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George Washington drank hot chocolate…

...but, so did everyone else. Turns out, hot chocolate was a pretty common beverage in colonial America—before and after the Revolution. Who knew? Of course, we all know the colonists had a vested interest in tea, after all, the Boston Tea Party was no minor incident. But what else did the colonists drink?

Chocolate cups, like this one owned by George and Martha Washington, were typical of the colonial era. Most chocolate cups had two handles, on opposing sides, while tea cups of the period had no handles at all. Image credit: George Washington’s Mount Vernon Estate, Museum, and Gardens’ 2012 annual Colonial Chocolate Society meeting presentation.
Chocolate cups, like this one owned by George and Martha Washington, were typical of the colonial era. Most chocolate cups had two handles, on opposing sides, while tea cups of the period had no handles at all. Image credit: George Washington's Mount Vernon Estate, Museum, and Gardens' 2012 annual Colonial Chocolate Society meeting presentation.

I began this search as a project for the museum's upcoming exhibit American Enterprise (opening, 2015). But, like all good research projects, it slowly grew bigger and bigger. What did the colonists drink? Why does it matter? What can it tell us about American History?

The Stamp Act (1765), which taxed all printed materials “was the first direct tax on the American colonies and provoked an immediate and violent response throughout the colonies.” “Later, the Townshend Act (1767) imposed a duty on tea (as well as other commodities).” “The importance of tea and tea drinking to colonial society is underscored by the controversy surrounding it; rupturing in the Boston tea party (1773).”
The Stamp Act (1765), which taxed all printed materials "was the first direct tax on the American colonies and provoked an immediate and violent response throughout the colonies." "Later, the Townshend Act (1767) imposed a duty on tea (as well as other commodities)." "The importance of tea and tea drinking to colonial society is underscored by the controversy surrounding it; rupturing in the Boston tea party (1773)." More information about this object: http://s.si.edu/fQwlI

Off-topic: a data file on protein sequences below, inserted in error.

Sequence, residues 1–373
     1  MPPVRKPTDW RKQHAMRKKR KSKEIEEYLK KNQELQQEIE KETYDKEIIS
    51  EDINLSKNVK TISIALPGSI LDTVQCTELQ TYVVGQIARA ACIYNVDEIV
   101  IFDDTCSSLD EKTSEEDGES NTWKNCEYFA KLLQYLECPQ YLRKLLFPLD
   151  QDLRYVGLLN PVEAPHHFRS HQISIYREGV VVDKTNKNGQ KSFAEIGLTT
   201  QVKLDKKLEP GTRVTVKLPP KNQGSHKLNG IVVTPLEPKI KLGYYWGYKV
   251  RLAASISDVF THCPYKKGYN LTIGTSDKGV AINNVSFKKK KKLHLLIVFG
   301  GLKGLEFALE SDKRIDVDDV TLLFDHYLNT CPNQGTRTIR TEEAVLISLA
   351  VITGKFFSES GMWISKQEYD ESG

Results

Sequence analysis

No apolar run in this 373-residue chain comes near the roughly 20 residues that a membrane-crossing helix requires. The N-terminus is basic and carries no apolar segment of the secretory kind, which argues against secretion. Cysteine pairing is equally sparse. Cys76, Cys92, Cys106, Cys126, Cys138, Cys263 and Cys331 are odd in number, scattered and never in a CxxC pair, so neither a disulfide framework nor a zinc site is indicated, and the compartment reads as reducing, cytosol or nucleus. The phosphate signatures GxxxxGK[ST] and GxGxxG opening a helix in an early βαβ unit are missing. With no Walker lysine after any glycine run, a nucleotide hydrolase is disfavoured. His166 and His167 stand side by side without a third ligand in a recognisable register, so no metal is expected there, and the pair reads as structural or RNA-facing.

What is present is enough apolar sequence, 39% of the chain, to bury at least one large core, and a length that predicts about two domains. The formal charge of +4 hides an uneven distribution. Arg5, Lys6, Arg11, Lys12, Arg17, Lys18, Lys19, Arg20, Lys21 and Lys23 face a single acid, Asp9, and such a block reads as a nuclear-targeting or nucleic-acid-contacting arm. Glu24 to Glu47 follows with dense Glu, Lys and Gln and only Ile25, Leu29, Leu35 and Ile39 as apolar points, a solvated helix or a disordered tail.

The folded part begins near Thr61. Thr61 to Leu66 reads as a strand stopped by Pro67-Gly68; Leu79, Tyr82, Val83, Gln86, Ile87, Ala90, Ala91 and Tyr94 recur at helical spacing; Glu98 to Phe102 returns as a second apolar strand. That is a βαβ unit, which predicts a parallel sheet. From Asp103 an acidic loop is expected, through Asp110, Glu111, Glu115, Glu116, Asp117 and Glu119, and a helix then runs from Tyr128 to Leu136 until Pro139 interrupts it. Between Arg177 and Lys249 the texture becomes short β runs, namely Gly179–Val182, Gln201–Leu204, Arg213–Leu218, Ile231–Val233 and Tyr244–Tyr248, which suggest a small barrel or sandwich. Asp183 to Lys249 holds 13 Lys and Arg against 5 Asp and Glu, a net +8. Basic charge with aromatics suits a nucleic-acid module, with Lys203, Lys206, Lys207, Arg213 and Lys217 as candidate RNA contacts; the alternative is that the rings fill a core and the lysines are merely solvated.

Let's work backwards, "What can colonial beverages tell us about American History?" First we need to scrap the image of the late American colonies that we learned in high school. The late colonists were not isolated on the opposite side of the world, far removed from homeland England and all of civilization. By the middle of the 18th century the colonies had formed relatively vibrant urban scenes. The ports of Boston, New York, Philadelphia, and Newport received the most shipments of cocoa beans from the West Indies. But these ports also received textiles from England, slaves from Africa, wine from Portugal, and tea from China. Colonial port cities were cosmopolitan hubs. All the latest fashions in clothes, décor, food, and technology were available to the colonists—at a price of course.

So if you could afford it, the goods at market could connect you to remote and exotic locations across the world. So what? That's just it; almost everyone drank hot chocolate from the West Indies. The combination of industrialization in Europe and the plantation-agricultural system in the colonies (American and West Indies) caused prices to drop and availability to increase. The middling class was forming, and almost everyone could afford imported items. Imports were no longer strictly the luxurious purview of the wealthiest elite.

This changes everything. George Washington could afford chocolate, but so could the fur traders out on the frontier. What else was everyone drinking? Were all colonial beverages so readily available? The Enterprise team and I came up with a list of six beverages readily available to the colonists: chocolate, tea, cider, water, milk, and whiskey.

Clearly we now know that everyone, practically, drank chocolate and tea, but what about cider, water, milk, and whiskey? Stay tuned for my second blog post in which I'll explore these other colonial beverages.

Melissa Swindell is a graduate student at George Washington University and a Goldman Sachs Junior Fellow at the museum. You can follow the progress of the American Enterprise exhibition and find more information about our fellowship program.